US Simultaneously has 30 year crime low and worlds highest prison population.

What is wrong here??? 1 in 37 Americans is in prison yet we are flaunting record crime lows (- drug counts mind you). I smell a fish.


It seems logical to me. Remove criminals from society, and crime drops. Where is the mystery?

Oh yes, its very logical.

What is not logical is that 1 in 37 Americans are in prison.

Are 1 in 37 people “born bad” ?

alterego:Oh yes, its very logical.
Then no fish after all?

alterego:Are 1 in 37 people “born bad” ?
Why do you think you have to be “bad” to be in prison, let alone “born bad”?

Alterego - you did not include drug convictions in your statistics on record crime lows.

But you included those convicted of drug counts in your statistics of how many people are in prison.

That looks like a major source of the disparity.

Of course, a rather obvious thing being missed so far is that the prison population is a function not of the crime rate, but of convictions multiplied by incarceration rate multipled by length of incarceration.

You can have a lower crime rate and more people in prison if you simply A) catch and convict a higher percentage of criminals and/or B) lengthen sentences. Theoretically, you could have an incredibly high crime rate with nobody in prison at all - just don’t catch any crooks. Or you could have a very low crime rate with overflowing prisons - put everyone who commits any crime at all away for a long time.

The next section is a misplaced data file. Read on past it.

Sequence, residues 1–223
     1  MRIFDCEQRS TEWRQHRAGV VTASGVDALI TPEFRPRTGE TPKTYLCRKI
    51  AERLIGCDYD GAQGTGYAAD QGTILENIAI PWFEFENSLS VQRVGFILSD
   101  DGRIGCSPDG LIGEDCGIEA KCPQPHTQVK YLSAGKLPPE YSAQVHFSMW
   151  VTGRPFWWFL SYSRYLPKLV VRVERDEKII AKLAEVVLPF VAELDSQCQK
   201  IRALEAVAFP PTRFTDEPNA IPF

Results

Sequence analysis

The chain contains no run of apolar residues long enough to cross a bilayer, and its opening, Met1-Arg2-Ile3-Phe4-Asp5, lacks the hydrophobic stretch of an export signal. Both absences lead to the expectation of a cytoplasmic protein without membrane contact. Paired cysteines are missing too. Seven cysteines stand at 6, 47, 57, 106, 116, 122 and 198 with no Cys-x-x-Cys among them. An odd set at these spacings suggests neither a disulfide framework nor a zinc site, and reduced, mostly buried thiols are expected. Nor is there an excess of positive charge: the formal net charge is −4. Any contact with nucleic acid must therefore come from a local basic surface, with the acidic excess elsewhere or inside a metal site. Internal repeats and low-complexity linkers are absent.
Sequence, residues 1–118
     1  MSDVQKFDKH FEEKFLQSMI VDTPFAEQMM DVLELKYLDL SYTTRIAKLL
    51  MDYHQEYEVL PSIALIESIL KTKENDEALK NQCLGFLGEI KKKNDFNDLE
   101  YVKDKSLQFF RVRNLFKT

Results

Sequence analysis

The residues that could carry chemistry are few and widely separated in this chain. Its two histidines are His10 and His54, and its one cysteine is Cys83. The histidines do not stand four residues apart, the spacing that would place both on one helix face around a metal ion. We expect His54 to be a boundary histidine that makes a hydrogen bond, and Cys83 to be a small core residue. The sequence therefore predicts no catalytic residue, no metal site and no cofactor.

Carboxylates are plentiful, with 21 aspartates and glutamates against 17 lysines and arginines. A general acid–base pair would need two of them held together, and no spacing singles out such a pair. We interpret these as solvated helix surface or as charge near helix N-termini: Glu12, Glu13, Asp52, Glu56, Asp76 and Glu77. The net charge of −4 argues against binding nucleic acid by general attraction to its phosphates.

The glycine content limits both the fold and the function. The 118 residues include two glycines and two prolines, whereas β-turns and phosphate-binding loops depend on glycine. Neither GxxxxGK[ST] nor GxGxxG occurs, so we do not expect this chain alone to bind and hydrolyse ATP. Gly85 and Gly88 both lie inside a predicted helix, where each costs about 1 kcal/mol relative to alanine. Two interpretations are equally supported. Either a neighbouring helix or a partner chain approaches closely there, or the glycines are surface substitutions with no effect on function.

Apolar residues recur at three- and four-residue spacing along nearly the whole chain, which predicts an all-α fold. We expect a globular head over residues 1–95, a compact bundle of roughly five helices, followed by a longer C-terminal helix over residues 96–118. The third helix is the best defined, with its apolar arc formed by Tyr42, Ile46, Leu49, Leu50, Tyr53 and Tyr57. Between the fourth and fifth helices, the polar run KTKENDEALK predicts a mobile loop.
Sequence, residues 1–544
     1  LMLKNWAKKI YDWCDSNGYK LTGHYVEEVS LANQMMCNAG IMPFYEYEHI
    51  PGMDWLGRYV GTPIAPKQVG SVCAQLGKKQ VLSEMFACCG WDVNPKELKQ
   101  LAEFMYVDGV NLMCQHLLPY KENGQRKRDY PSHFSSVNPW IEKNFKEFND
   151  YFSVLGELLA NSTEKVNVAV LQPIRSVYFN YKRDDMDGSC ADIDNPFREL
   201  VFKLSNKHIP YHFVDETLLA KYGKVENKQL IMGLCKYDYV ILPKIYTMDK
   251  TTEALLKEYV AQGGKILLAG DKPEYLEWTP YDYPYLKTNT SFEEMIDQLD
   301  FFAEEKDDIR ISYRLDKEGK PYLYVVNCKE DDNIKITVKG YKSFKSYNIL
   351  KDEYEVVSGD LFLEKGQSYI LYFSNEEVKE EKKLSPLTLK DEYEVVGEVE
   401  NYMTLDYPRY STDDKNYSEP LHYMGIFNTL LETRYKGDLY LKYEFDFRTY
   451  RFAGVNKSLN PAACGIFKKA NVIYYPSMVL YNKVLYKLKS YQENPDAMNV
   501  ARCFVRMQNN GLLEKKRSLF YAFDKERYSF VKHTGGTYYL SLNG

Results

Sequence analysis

I appreciate the point you are trying to make, but your formula isn’t correct.

The length of incarceration can’t be in there. Let’s say you only ever convict one guy, and you sentence him to four billion years. That can’t make the prison population any greater than if you’d sentenced him to one year. The prison population would still be one, wouldn’t it?

Try this out instead:

We built all these hospitals ten years ago and now our disease rate has declined. What a waste of money. If we had known ahead of time people were going to be so healthy now, we could have spend the money on something besides increased medical services.

Well, yes, but if the one guy was incarcerated for just a day, the prison population would then drop to 0 on Day 2, right?

Or lr in other words, if the incarceration period was four billion years, you could imprison just one person and have the incarceration rate hold steady at 1. But if the sentences were all one day, you’d have to imprison 365 people a year to hold the rate at 1. So the length IS part of the function.

Look at it this way; set the number of convictions constant and change the length of incarceration. Assume an unlimited period of time and assume all incarcerations begin on Jan 1 and end Dec 31. If you incarcerate 100,000 people per year for 1-year terms, you will at any given time have 100,000 prisoners. If the terms are two years, you’ll have 200,000 people at any time - all the people convicted this year plus all the people convicted last year.

From alterego

I don’t see a big mystery here. Maybe I’m not understanding the OPs point (IS there a point??). Are you saying that with prison overflowing we should have higher crime? Or…well, I can’t think of an alternative. That we should have lower prison populations for…higher crime? Lower Crime? People shouldn’t go to prison? People shouldn’t commit a crime?? Am I just being dense or does this thread make no sense? Whats the debate???
From alterego

Why is that not logical? Why is it a problem? Are you saying that those people are in prison, but shouldn’t be? I’d agree in some cases (some of the drug laws in particular I just don’t see, but thats for another debate). However, if people commit a crime, even if its a bad law, they go to prison if caught. Ergo, if 1 in 37 Americans are in prison, then a majority of them committed SOME crime, based on the present laws of the land. No?